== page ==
LOOK AT EVERYONE HAVING FUN TOGETHER!
LOOK AT HOW IN LOVE VICTOR AND YURI ARE.
LOOK AT YURI AND YURIO HANGING OUT TOGETHER AND MESSING ABOUT WEARING EACH OTHER’S CLOTHES!
LOOK AT YURIO AND OTABEK CHILLING TOGETHER LIKE THEY’RE FROM A MURDER MYSTERY!
LOOK AT SEUNG GIL AND YURI ENJOYING DOG TIME TOGETHER!
LOOK AT CHRIS AND VICTOR HAVING CHAMPAGNE TIME TOGETHER!
LOOK AT YURIO AS A CHILD LOOKING UP TO VICTOR.
LOOK AT YURI BEING GOOD WITH KIDS.
LOOK AT VICTOR LOVING MAKKACHIN.
In 2013, acclaimed ballerina Wendy Whelan underwent reconstructive surgery that left her hobbled, both physically and emotionally. For Whelan, it wasn’t just her career with the New York City Ballet that was at stake; it was also her artistic voice.
“It was terrifying to lose that mode of expression that I was so in touch with, that I so loved, that I so cultivated for my whole entire life,” she says.
Whelan, who was 46 at the time, feared that she would never dance again. But after months of rehabilitation and physical therapy, she returned briefly to the company she had danced with for more than three decades.
Whelan took her final bow with the New York City Ballet in October 2014 — an experience she likens to shedding skin. “Everything I experienced as an adult happened as a member of New York City Ballet,” she says. “To leave it as an adult [after] going into it as basically a child was scary, really scary.”
Now, nearly three years after leaving ballet, Whelan continues to perform contemporary dance. She says she feels liberated in her new life: “I’ve been strapped in — physically strapped in to pointe shoes, strapped into a leotard and tights, my hair’s been strapped up — for my whole entire life. … I was terrified to be unconstricted, and now I don’t know another way I’d rather be.”
The documentary Restless Creature chronicles Whelan’s injury, recovery and final performance with her company.
You weren’t sure what the thread count was but her sheets were soft like the clouds and smelled like home and as she cuddled against your naked chest, sleeping soundly despite the layer of sweat that coated her, she looked more like a goddess than she ever could on a battlefield.
She was like a star, in your eyes at least. She was so bright and beautiful (and hot) and timeless.
You frowned. She was so old, so forever and you weren’t. You were a mortal that’d age and die and she was this Amazonian goddess that’d forever be the same. You were a grain of sand and she was the beach.
“Why are you thinking so loud?” she murmured.
“Since when could you read minds?” Her eyes fluttered open and she smiled sweetly at you. Her lips were so pink and kissable and she was amazing and you were so lucky that she chose to be with you when she could have anybody on Earth.
“I can’t, I just know you.” You ran your fingers through her hair, careful not to yank the tangles.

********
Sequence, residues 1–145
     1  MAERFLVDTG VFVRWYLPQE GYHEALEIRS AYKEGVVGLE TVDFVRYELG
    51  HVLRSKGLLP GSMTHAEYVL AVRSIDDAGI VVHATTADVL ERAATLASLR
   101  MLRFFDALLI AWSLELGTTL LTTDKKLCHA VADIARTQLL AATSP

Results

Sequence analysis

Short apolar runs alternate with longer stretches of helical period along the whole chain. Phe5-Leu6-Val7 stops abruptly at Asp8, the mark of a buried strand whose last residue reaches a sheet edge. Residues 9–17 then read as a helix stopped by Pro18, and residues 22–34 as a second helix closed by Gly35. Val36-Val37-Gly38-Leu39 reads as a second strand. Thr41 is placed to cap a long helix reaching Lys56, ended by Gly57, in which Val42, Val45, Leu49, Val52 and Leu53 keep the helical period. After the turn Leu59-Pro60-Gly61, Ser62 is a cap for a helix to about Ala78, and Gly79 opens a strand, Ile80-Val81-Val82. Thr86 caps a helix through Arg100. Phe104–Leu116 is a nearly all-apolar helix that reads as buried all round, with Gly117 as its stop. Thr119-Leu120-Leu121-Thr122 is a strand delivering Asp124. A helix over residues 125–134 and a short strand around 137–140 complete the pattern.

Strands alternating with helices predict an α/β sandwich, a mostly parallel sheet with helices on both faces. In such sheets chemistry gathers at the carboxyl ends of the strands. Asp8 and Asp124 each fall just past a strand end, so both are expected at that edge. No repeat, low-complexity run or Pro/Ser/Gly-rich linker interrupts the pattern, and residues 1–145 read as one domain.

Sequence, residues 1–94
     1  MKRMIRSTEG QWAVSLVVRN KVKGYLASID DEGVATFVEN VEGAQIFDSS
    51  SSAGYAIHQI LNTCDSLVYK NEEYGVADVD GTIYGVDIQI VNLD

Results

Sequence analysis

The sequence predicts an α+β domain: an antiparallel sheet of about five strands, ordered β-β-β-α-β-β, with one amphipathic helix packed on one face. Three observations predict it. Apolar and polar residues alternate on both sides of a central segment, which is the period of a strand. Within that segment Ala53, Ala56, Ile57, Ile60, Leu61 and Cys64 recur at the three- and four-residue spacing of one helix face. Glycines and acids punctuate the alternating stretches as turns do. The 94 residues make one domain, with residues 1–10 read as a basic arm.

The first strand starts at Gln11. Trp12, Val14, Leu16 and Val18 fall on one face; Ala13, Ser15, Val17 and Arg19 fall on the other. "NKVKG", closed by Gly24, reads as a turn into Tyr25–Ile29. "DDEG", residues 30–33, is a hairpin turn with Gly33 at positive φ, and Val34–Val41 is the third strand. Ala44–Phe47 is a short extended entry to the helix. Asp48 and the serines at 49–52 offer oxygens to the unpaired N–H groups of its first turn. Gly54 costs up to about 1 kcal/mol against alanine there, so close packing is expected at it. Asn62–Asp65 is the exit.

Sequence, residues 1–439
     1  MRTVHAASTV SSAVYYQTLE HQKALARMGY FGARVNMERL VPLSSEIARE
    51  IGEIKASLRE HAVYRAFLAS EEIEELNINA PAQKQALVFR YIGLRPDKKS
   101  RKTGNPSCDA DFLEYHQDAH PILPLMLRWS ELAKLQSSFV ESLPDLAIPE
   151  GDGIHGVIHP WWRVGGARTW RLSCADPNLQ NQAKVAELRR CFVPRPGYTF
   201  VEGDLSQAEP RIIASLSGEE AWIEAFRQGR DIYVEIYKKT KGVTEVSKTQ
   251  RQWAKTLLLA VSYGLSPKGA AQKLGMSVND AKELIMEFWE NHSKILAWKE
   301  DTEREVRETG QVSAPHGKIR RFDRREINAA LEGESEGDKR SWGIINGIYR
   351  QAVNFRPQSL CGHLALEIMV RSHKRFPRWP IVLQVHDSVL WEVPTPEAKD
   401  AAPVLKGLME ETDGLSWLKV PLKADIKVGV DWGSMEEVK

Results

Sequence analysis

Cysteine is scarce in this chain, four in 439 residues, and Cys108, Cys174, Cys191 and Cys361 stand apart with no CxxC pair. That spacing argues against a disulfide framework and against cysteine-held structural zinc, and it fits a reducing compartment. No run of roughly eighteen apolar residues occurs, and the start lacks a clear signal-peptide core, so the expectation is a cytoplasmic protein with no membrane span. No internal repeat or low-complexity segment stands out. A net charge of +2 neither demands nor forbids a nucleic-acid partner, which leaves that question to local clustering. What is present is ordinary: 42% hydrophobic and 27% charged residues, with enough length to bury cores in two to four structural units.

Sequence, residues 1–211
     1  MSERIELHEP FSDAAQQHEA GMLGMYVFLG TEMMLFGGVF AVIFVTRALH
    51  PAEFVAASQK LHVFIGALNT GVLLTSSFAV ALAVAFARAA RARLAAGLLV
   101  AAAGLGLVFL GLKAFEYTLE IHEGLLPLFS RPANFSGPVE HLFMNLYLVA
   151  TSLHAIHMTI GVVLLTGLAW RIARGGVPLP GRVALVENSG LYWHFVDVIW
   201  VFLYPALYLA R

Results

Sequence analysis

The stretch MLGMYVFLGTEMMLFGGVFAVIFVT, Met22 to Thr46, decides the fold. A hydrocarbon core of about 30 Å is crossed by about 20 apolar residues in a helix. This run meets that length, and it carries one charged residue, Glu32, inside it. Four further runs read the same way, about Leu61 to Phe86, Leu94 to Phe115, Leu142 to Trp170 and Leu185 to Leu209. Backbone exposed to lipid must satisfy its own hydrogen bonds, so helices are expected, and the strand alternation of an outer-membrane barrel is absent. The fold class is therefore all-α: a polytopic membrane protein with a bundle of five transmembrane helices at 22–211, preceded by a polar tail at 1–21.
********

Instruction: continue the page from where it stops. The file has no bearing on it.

“Now,” she ran the tip of her nose against the underside of your jaw, “What has got you thinking.” You sighed.
“It’s nothing,” you tired. You smiled at her, abet it was a weak, sad excuse for a smile but you tried. You didn’t want to worry her with what was going on in your mind. But the look in her dark eyes make you wonder if she even needed the lasso of truth or if you were just so in love with her you’d tell her anything.
Probably the second one, but hey the first option might also be somewhat the truth.
“Do I matter, to you? I mean you’re a goddess Di, and I’m not. I’m going to grow old and die and you’re not. You’re going to be here looking like this and falling in love with someone new and, and I’ll be ninety years old in some retirement home and still in love with you.” Diana stilled and frowned at you, you hated when she frowned, it never looked right, she was made to smile and laugh and be perfect not frown and brood, that was Bruce’s job.
You sat up when she rolled over to the edge of the bed; for a moment you thought she’d leave you there, but instead she opened up her bedside table and pulled out a watch. It was old, thought the leather straps were new and the metal was somewhat shiny it was worn from being rubbed.
She sat up in bed and looked at you. There was a small smile on her face and her dark eyes held so much love you wondered if your heart would burst because she had on the same expression you did whenever you looked at her.
“The man who gave me this watch told me about marriage. He said marriage is something where two people cherish and love and honor one another until they die, and I know you’ll die long before me but,” she held out the watch to you, your heart was beating so fast you wondered if this is what Barry felt like all the time, “I want that, with you. I want to spend a fraction of the time I have with you. I want to be with you until the day you die.”
“Why?” You didn’t realize you were crying tears of joy until Diana wiped one away. You did the same to her.
“Because I love you.” This wasn’t the first time you’ve heard her say it, in fact the first time she said it felt like nothing compared to this time stopping moment.